Dr. Playforth told me that many parents get super worried about a fever, but that the “focus should be on kids’ comfort if they seem generally okay and don’t have any underlying conditions, like being really young or immunocompromised.” Get them cozy and get them lots of liquids to drink. “Hydration is the most important thing when kids are sick,” says Dr. Playforth.
Good old water and Pedialyte Electrolyte Solution Drinks are go-tos, but at the end of the day, “the priority is getting fluid, and it doesn’t matter so much what the fluid is.” Dr. Playforth uses apple juice (diluted at half strength works), popsicles, and broth. Applesauce and yogurt are also great, as are milk, milkshakes, and smoothies. Contrary to what you may have heard, Dr. Playforth says that milk does not increase a body’s production of phlegm. (This was news to me!)
A Trip, Fall, or Bump
The devil is in the details. When I was a kid, my mom would treat a booboo with Neosporin or hydrogen peroxide, but Dr. Playforth says new data shows the best line of defense is “old-fashioned soap and water.”
“Peri bottles give you a good amount of squirt to irrigate dirty wounds,” Dr. Playforth advises. “Keep it clean and moist. You don’t need a Band-Aid unless a wound will open up, or your kid will pick at it, or your kid just loves Band-Aids, as mine do.” And if you notice signs of infection, call the pediatrician.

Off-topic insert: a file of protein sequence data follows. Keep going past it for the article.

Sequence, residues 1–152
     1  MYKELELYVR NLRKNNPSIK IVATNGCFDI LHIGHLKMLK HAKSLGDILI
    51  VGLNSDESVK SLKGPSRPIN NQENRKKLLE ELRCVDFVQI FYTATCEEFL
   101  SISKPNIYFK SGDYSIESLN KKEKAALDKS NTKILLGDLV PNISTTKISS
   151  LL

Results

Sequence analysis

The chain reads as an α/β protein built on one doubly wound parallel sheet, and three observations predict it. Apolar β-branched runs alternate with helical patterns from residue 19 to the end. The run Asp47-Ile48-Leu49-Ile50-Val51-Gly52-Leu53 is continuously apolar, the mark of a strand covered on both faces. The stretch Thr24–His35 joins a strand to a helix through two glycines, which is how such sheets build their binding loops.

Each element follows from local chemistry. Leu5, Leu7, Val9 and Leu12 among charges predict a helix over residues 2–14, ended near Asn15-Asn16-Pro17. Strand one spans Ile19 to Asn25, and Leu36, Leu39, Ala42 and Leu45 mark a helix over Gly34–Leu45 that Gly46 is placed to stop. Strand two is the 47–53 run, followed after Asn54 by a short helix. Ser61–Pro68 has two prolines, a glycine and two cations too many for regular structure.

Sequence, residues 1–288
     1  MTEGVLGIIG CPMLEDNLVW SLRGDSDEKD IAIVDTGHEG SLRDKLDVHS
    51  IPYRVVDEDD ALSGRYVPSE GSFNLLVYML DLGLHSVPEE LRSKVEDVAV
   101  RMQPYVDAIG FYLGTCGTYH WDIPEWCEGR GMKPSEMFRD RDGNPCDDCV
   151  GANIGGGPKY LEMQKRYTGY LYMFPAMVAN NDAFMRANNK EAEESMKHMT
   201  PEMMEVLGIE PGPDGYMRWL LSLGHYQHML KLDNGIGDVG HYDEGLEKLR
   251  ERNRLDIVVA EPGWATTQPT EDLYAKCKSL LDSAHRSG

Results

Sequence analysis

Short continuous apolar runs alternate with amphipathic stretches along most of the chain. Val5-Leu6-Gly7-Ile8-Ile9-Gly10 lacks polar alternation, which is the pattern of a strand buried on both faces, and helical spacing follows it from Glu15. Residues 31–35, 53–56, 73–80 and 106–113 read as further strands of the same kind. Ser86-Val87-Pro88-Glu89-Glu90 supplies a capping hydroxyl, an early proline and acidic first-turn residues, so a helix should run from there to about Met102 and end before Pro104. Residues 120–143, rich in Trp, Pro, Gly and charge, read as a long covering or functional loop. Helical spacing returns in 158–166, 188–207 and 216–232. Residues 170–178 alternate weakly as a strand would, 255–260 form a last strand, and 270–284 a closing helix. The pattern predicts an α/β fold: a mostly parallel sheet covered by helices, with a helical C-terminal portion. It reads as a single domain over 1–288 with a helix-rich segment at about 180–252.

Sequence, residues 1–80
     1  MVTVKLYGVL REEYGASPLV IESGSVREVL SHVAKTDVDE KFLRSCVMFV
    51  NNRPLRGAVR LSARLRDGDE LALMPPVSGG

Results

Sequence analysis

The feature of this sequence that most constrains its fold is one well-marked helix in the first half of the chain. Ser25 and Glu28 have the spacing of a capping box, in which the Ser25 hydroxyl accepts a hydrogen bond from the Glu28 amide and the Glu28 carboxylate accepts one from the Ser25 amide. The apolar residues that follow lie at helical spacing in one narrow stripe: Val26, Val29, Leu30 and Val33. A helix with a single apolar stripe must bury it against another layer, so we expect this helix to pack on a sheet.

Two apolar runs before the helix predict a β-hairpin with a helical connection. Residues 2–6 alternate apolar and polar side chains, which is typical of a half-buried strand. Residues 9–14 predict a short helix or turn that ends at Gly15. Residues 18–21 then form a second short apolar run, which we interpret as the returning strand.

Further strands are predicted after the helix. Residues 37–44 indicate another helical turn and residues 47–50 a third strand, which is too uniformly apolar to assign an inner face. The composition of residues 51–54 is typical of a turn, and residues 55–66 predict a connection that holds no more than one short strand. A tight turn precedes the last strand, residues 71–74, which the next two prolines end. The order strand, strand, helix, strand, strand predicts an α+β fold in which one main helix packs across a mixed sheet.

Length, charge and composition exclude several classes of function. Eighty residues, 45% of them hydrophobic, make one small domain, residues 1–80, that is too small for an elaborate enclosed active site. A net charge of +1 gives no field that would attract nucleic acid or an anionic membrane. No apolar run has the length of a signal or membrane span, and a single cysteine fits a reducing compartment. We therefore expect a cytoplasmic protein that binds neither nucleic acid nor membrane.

Dr. Playforth says there are certain times a child’s gut adjusts to big changes, like when they first start solid foods, or when they begin school and eat and drink in a new context. “For mild constipation, decrease simple carbs and increase fiber,” Dr. Playforth explains. She suggests the “p foods — peaches, pears, plums, prunes — pear juice is tasty and especially great for kids.” Dr. Playforth recommends a varied, fiber-rich diet, which she understands can be a tall order for picky little ones. If the problem is ongoing, definitely consult with your kids’ doctor.
Watery, Irritated Eyes
It depends on the cause. If it’s aggravated by dust, pollution, or cigarette smoke exposure, allergies might be cropping up, in which case children’s allergy meds can help. If it’s pink eye, it might be bacterial or viral. Antibiotics will be prescribed for the former. For the latter, “ride it out with supportive care and warm compresses to wipe eyes,” advises Dr. Playforth.
Dr. Playforth recommends warm baths, heating pads (“obviously not too hot”), TLC, and screen time. Pain medicine can be used as needed — she suggests medicine as “a useful tool in your kit, but not the first tool to grab.” And, as for everything, plenty of snuggles.
“People get freaked out because kids have huge, exaggerated reactions” to bug bites, Dr. Playforth notices. She starts with a simple ice pack, colloidal oatmeal, and topical cortisone or calamine lotion. She also likes The Bug Bite Thing, a suction tool that painlessly and effectively extracts insect saliva or venom from under the skin. If meds are needed, she uses allergy medication like Zyrtec or Claritin, and recommends consulting with your pediatrician to make sure the dosing is right.
Not feeling well? Check out these tips from pediatricians Dr. Julia Blank and Dr. Flora Sinha.